The collapse of a dam this summer in southeastern Laos, which triggered massive flooding that killed dozens and displaced thousands of people, has brought a renewed focus on hydroelectric dams in mainland Southeast Asia. Proponents of hydroelectric dams argue they will bring benefits in the form of national revenue and power generation for local communities, but they also threaten the food security and livelihoods of millions of people in the riparian countries that make up the Lower Mekong region: Laos, Cambodia, Vietnam and Thailand. In an email interview, Diana Suhardiman, a senior researcher at the International Water Management Institute’s office in Vientiane, Laos, discusses the tradeoffs associated with large-scale dam projects.
World Politics Review: What has been the environmental and economic impact of existing dams in the Lower Mekong region, and what additional impacts will be felt as a result of dams along the Mekong’s mainstream?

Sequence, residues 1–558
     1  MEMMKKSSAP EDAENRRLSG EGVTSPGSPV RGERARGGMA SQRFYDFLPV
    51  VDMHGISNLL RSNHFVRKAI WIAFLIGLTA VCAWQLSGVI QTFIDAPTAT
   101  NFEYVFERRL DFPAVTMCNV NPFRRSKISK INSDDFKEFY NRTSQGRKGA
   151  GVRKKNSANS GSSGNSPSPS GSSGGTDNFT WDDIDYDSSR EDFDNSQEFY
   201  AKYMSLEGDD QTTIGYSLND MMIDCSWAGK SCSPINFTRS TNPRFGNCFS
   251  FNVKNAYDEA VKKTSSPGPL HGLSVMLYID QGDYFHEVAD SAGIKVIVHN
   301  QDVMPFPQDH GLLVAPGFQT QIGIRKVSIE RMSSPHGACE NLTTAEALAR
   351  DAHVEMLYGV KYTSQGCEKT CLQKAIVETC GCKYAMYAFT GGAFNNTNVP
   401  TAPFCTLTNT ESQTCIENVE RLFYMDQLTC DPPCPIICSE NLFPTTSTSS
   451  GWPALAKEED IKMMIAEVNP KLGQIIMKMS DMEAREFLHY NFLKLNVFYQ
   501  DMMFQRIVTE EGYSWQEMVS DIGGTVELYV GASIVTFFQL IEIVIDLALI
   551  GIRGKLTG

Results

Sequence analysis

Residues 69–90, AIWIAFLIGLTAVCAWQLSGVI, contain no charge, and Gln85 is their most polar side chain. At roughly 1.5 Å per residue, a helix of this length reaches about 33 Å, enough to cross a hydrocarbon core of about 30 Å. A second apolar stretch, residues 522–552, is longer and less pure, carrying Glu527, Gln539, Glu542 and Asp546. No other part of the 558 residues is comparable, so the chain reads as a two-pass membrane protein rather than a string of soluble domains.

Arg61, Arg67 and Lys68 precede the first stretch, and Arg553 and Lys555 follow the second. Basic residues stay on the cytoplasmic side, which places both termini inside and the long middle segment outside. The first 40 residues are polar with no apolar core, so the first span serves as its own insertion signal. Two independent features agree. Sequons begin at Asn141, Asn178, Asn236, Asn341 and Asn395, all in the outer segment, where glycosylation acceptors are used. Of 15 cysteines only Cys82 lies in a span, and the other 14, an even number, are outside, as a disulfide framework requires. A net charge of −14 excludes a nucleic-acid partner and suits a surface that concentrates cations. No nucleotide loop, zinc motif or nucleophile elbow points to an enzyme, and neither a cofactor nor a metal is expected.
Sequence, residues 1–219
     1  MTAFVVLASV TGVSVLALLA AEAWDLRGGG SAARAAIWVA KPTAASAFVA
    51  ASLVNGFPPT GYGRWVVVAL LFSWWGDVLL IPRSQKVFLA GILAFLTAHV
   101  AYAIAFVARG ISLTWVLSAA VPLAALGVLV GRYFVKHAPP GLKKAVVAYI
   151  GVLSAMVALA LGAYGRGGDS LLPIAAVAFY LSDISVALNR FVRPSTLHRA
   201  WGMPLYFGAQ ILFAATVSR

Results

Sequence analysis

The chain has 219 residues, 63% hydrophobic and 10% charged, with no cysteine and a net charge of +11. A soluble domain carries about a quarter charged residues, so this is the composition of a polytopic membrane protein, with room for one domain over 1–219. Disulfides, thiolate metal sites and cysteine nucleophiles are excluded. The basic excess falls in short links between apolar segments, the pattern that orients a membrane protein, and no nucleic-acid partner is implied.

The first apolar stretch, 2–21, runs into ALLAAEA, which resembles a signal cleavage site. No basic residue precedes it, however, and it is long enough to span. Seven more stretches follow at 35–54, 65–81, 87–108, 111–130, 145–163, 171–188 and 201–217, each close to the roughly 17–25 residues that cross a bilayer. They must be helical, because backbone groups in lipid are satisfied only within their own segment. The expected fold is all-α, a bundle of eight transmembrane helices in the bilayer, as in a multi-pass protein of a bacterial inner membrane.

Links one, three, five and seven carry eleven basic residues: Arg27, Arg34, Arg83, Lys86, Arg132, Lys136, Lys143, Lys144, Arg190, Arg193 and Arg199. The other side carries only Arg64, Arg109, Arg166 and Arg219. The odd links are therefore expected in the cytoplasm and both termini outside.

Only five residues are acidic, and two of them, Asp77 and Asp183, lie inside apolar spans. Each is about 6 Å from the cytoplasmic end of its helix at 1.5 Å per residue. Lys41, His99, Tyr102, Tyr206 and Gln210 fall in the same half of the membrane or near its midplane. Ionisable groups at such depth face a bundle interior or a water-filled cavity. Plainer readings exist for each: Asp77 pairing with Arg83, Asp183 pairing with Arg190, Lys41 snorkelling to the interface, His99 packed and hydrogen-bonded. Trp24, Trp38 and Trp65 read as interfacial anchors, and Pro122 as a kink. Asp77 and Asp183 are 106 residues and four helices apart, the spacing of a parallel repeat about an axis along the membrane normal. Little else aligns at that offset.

Diana Suhardiman: The Mekong is home to one of the largest freshwater fisheries in the world and comprises a wide range of interconnected ecosystems. Hydropower development could hinder or block fish migration in the Mekong, compounding the current decline in fisheries resources and threatening the livelihoods of millions of people living along the river. Hydroelectric dams and their reservoirs often act as a barrier to the natural flow of sediments in the river system. These sediments are essential to replenish the Mekong Delta and prevent it from sinking, especially as it faces sea level rise. This puts at risk rice production in the Delta, which contributes about 50 percent of Vietnam’s total rice production. The potential socioeconomic and environmental impacts of hydropower dams in the Lower Mekong region are thus widespread and imminent.